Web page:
Whenever the discussion has turned to Ben Simmons over the last six months, a sort of cool confidence seems to underlie the words of whatever member of the Sixers organization happens to be speaking. I don't know how to describe it other than to say that it suggests a sort of knowing, as if the person talking about Simmons is privy to some sort of inside information that all of us will come to acquire in due time. Just you wait and see, the tone says.
Not half the professional hockey players in the world can say they’ve experienced playing in an officiated outdoor game, let alone one nestled in the Swiss Alps—a mini European Winter Classic just three days before the NHL’s version between the New York Rangers and Philadelphia Flyers. This game, however, pitted the Concordia Stingers against the Swiss League’s EHC St. Moritz.
Concordia’s national championship dreams were crushed minutes into the CIS quarter finals as the St. Francis Xavier Xmen, ranked sixth in the tournament, outplayed the Stingers, ranked third, from tip-off to final buzzer. The game finished 98-82 at the Halifax Metro Centre in Nova Scotia on March 9. Concordia just couldn’t keep hold of the ball and were cold when shooting it, with X-Men MVP Thomas Terry taking advantage of their misplays, scoring a game-high 39-points.
Muck Rack makes it simple to find people, tweets, or articles that mention any name, keyword, company, hashtag etc. We've compiled this guide to help you make the most of your search.
Selecting a term
Start searching tweets, articles from media outlets, articles mentioned in tweets, journalists'
names, titles and bios with some suggested searches:
Companies or Topics (e.g. iPhone, Microsoft)
Phrases (e.g. "cloud computing") — use quotes to keep the terms together
Twitter handles (e.g. @username) — returns those who have mentioned or replied to
Names (e.g. "David Pogue")
Hashtags (e.g. #sxsw, #london2012)
Bio details (e.g. vegan, Olympics, father)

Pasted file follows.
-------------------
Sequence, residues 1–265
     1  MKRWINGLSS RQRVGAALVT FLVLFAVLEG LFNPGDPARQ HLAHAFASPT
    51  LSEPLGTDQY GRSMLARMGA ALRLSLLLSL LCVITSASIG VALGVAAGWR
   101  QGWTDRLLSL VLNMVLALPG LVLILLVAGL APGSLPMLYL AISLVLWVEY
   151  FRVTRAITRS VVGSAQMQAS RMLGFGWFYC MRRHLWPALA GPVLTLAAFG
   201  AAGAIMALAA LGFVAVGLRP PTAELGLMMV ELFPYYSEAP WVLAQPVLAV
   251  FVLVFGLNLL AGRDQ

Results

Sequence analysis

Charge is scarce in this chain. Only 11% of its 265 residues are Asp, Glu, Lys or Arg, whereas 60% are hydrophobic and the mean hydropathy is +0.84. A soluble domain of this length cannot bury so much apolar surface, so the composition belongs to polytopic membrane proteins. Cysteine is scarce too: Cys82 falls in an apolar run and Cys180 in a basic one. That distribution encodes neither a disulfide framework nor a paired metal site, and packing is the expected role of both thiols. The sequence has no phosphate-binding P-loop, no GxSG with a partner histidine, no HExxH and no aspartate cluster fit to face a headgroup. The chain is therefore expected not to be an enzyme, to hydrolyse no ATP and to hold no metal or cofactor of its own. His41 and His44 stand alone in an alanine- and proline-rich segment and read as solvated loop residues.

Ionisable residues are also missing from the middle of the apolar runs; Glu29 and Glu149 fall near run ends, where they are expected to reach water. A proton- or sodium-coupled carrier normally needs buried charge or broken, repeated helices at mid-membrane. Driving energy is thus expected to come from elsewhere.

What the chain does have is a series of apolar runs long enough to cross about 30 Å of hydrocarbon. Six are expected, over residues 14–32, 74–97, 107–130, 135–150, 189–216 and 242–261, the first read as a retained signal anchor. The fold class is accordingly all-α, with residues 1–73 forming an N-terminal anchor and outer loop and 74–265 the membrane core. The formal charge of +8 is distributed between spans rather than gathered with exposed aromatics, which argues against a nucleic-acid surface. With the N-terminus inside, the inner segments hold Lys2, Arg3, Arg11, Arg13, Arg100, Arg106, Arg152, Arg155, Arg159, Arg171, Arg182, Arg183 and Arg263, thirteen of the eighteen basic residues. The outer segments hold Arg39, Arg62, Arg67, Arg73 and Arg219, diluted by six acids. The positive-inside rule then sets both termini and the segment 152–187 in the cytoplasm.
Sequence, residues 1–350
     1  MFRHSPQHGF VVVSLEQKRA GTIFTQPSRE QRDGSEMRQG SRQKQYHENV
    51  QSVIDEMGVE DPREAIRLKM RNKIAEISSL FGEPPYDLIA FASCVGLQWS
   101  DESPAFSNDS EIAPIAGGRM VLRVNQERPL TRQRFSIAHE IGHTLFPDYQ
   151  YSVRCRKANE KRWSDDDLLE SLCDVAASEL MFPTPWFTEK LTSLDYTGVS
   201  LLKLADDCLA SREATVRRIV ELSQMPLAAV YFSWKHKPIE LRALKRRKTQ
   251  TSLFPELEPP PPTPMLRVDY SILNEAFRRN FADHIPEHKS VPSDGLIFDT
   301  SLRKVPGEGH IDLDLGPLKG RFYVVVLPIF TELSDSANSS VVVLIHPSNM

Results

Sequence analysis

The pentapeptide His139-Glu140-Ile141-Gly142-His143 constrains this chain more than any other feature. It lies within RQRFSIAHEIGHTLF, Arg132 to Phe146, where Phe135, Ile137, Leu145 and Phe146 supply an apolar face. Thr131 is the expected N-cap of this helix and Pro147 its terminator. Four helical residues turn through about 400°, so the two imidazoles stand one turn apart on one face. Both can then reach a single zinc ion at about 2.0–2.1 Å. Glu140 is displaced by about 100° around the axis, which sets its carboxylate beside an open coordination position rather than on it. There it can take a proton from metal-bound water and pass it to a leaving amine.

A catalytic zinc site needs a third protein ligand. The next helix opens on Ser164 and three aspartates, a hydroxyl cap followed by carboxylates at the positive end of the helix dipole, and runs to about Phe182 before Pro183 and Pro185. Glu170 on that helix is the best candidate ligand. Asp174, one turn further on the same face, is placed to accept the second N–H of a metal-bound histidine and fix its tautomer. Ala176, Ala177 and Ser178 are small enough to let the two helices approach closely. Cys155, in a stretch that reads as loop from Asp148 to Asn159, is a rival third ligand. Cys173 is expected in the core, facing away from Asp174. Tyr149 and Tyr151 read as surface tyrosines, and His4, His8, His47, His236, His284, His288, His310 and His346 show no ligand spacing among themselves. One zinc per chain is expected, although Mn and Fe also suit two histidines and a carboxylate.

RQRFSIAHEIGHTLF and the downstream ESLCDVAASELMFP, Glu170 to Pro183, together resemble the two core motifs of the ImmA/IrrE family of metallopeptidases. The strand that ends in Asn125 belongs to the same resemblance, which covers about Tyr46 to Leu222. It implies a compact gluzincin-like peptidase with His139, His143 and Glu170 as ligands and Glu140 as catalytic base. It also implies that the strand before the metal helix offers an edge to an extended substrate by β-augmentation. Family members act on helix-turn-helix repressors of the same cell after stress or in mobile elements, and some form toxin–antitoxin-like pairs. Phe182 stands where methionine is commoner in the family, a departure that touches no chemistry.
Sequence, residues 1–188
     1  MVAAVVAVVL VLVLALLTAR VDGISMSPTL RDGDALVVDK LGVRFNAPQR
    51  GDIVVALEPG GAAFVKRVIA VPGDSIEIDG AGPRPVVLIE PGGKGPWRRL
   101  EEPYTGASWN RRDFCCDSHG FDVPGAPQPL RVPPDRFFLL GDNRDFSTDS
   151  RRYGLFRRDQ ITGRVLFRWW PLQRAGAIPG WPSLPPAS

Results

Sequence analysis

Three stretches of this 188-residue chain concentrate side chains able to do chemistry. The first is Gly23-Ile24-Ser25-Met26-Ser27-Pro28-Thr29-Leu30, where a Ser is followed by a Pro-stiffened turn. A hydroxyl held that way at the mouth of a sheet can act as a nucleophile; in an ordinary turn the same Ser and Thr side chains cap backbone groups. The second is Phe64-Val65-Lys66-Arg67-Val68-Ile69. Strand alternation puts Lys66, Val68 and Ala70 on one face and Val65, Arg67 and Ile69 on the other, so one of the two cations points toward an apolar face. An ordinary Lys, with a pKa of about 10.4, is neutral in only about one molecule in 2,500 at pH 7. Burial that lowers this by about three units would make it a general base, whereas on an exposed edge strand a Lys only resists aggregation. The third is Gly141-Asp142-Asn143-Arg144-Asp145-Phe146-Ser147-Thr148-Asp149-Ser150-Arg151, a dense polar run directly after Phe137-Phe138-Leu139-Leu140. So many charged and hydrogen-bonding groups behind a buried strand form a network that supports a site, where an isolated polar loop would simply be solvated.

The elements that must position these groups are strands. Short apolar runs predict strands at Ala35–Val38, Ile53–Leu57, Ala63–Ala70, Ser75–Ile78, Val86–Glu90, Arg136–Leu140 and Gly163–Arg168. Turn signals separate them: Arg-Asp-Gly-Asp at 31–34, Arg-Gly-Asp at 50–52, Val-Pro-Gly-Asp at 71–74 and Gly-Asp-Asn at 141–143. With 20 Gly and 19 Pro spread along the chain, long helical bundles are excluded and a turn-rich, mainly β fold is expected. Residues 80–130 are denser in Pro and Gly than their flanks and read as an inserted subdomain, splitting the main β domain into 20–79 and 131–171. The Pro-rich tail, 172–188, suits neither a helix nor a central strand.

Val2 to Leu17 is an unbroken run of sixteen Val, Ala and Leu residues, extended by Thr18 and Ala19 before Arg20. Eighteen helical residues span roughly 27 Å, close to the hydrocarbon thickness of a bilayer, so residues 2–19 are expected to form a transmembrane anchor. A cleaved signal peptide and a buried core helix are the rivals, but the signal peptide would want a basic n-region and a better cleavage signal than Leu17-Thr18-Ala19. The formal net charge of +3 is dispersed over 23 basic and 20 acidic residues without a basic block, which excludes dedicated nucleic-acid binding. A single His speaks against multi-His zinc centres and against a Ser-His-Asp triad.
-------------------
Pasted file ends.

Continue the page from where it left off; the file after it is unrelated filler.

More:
Muck Rack's Advanced Search allows for many boolean operators.
Find results that mention multiple specified terms, use AND or
+. For example, ensure each result contains both Elon Musk and Mark Zuckerberg by
searching Obama AND Romney or Obama + Romney.
Use the operators OR or , to broaden your search when you'd like either of
multiple terms to appear in results. (This is the default behavior of our search when no operators
are used.) For example, search for democrat OR republican to find results that refer to
Democrats and/or Republicans.
Use NOT or - to subtract results from your search. For
example, searching Disney will yield results about the Walt Disney Company as well as Walt Disney
World Resort. To exclude mentions of Disney World, search for Disney -World or Disney
When using one of these operators with a phrase, enclose it in quotation marks. For example, you can
find results about smartphones excluding Apple's iPhone 4S by searching smartphone -"iPhone
Exact case matching or punctuation
If you're searching for a brand name or keyword that relies on specific punctuation marks or capitalization, you can
find results that match your exact query by adding matchcase: before the keyword you're searching for, like matchcase:E*TRADE .
Use parentheses to separate multiple
boolean phrases. For example, to find journalists talking about having fun in Disney World or
Disneyland, search for ("disney world" OR disneyland) AND fun.
An asterisk can be used to search for any variation of a root word truncated by the asterisk. For example, searching for admin* will return results for administrator, administration, administer, administered, etc.
A near operator is an AND operator where you can control the distance between the words. You can vary the distance the near operation uses by adding a forward slash and number (between 0-99) such as strawberries NEAR/10 "whipped cream", which means the strawberries must exist within 10 words of "whipped cream".